My first impression of this coin is that is has superb color and is about as original as one could hope for. It shows some light, even wear but is as attractive a circulated early gold coin as one might hope to find.
The surfaces of this coin are exceptional. Other than some light friction in the fields (which can be distinguished from weakness of strike by the difference of color between these areas and the high spots) there are no readily noticeable marks.
The luster is mostly obscured by the depth of the coloration. If the viewer looks at the protected areas (i.e., within the stars and around the date) he can see some traces of luster which would be more clear if the coin were lightened.
The best feature of this coin is its stunning deep reddish-gold color. This is what a 200 year old gold coin that is totally original should look like and it adds at least three (if not five) points to the overall grade. No more than 5% of all early gold coins show original color and just a smaller number have this lovely (and desirable) reddish-gold hue.
This is a very attractive, nearly flawless coin with just a bit of light wear noted. Its nice color, clean surfaces and originality give it a very strong degree of eye appeal.
3. 1830 Quarter Eagle
With the advent of new technology in the late 1820's, the quality of strike improved on United States gold coins. The reduced sized Capped Head Left quarter eagle was produced from 1829 to 1834 and it is generally found with good detail and a much better "look" than the quarter eagles produced from 1796 to 1808. This type did not circulate much and when available, survivors tend to come in relatively high grades.
My first impression about this coin is that it is very fresh and bright. It shows some marks in the fields but its vibrancy is enough to make these marks seem unimportant. It is important to remember on a coin like this that the number of marks that are present is not as important as their severity. In other words, a number of small scuffmarks in the obverse fields (as on this coin) are not as important as a few deep, detracting marks in similar areas.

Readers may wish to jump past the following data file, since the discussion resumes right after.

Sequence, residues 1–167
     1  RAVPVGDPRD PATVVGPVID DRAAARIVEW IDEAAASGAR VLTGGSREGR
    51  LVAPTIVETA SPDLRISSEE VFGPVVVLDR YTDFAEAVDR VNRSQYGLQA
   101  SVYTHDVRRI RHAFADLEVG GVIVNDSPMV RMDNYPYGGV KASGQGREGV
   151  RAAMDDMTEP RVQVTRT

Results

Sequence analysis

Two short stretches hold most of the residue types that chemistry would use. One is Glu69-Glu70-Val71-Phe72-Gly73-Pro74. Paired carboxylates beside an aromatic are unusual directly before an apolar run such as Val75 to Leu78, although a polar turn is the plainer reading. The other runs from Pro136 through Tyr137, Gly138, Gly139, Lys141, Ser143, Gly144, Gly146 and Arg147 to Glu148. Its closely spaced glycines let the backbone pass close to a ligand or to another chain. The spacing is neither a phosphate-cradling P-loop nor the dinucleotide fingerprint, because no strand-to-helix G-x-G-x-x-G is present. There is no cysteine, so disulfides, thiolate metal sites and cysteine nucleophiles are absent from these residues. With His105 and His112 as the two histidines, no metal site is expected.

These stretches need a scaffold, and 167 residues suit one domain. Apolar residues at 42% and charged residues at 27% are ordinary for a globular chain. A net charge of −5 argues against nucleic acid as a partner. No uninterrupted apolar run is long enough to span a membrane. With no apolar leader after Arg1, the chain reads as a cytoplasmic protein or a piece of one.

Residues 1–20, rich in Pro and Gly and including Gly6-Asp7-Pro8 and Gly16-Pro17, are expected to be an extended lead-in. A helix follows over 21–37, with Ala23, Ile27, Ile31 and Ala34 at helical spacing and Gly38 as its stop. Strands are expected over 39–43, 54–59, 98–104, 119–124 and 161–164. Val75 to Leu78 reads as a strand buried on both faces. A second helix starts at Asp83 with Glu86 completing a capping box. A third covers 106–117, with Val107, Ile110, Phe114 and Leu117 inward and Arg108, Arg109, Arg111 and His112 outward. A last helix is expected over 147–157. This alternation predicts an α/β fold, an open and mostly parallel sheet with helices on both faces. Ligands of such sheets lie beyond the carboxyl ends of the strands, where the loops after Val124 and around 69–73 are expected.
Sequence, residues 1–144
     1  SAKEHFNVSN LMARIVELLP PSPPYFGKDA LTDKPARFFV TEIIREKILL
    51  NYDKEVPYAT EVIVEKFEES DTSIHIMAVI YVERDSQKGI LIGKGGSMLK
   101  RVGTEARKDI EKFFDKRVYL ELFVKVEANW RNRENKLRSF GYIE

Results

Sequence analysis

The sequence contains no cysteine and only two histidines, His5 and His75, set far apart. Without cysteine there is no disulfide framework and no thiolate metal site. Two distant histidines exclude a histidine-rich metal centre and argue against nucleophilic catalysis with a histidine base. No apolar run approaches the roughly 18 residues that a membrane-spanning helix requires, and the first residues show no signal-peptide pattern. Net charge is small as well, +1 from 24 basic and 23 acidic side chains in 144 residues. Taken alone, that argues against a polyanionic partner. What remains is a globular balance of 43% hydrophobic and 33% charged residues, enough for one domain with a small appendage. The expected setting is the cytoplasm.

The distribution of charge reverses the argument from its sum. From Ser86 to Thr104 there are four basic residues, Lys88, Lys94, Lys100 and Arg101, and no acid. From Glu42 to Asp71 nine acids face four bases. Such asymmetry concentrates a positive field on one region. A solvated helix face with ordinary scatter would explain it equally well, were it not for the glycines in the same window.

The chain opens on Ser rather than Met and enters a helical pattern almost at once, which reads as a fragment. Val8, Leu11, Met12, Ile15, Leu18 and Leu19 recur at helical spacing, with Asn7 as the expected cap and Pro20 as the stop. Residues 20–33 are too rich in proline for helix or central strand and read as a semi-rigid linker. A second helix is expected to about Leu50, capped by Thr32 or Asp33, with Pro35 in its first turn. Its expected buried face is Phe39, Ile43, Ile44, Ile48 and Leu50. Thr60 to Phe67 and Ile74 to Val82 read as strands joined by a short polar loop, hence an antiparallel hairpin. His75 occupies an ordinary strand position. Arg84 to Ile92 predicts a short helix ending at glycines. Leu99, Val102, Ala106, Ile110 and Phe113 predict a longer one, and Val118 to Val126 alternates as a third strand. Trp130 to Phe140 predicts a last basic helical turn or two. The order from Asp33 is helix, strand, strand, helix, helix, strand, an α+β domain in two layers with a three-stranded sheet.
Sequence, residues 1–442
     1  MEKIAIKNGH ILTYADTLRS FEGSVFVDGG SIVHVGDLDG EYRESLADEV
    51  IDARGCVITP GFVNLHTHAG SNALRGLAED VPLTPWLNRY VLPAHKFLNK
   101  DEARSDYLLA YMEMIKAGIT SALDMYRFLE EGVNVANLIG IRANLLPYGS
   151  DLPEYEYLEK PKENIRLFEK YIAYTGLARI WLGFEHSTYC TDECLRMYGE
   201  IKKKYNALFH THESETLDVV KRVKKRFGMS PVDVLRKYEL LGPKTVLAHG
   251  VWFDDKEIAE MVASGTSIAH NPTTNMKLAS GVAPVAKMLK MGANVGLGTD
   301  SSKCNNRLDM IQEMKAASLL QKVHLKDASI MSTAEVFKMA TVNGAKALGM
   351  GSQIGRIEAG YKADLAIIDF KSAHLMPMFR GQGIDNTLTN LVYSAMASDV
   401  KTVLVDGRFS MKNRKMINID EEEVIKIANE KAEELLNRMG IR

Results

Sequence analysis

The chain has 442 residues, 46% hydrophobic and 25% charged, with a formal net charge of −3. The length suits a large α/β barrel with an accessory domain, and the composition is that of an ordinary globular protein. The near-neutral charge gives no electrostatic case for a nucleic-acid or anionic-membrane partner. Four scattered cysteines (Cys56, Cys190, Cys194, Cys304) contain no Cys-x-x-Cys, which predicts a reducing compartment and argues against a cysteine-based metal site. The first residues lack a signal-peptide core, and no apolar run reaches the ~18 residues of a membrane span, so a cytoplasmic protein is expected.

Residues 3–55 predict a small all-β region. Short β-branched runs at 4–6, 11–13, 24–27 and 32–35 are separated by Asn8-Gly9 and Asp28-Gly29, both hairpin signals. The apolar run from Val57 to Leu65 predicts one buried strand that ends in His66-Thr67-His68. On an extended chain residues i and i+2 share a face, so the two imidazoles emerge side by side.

This coin has excellent luster that is more suggestive of a late 19th century issue than one from 1830. From the image, it appears that the luster is very frosty in its texture with some slight reflectiveness in the fields. It appears to be unbroken and relatively undisturbed, leading the viewer to believe that this is an Uncirculated piece.
The coloration is an even medium to deep yellow and green-gold. It is attractive and even if the viewer has never seen another example of this date, this hue should appear to be well above-average.
The overall level of eye appeal is excellent. This is clearly an unworn coin that has a good strike, pleasing surfaces, great luster and nice color.
4. 1807 Bust Right Half Eagle
So how have you done so far? Getting more comfortable grading these early coins? Well don't get too comfortable because I've saved the hardest coin for last.
The 1807 Bust Right half eagle is the final year of issue for this type. It is found with a number of varieties as well as many different looks. This example is a late die state with a "sunken" look noted on the obverse.
But is the weakness at the center strike-related or is it wear? The answer lies in the fact that the luster on this coin is full with no breaks noted in the fields or on the high spots.
I stated earlier in this article that strike is the least important factor when grading an early gold coin. This is true but in the case of this piece, where the important central detail on the obverse has been partially obscured, it is likely that a grader will deduct some points from this coin's overall grade.
In addition, the surfaces show a number of marks. It is likely that this coin was transported loose in a bag from bank to bank in the early 19th century and in the process it picked-up some noticeable marks.
Not everything about this coin, however, is a negative. It has great luster and the coloration is lovely with rich green-gold and lemon hues strongly suggesting that it has never been cleaned or dipped.
While not everyone will agree with me, I happen to like this coin quite a bit. I am a stickler for originality and I would personally rather own a weakly struck, somewhat "baggy" early half eagle than one which was sharper and less marked-up but which was washed-out from having been overzealously dipped.
Early gold is an area where gaining knowledge will give the collector a decided advantage when making purchases. Given the fact that these are expensive coins, I would suggest that careful study is in order. For more information on grading early gold coins or on early gold in general please feel free to email me at firstname.lastname@example.org.
The grades of the coins listed above are as follows:
1801 Eagle: PCGS Mint State-63
1803/2 Half Eagle: NGC About Uncirculated-55
1830 Quarter Eagle: PCGS Mint State-63
1807 Bust Right Half Eagle: NGC Mint State-61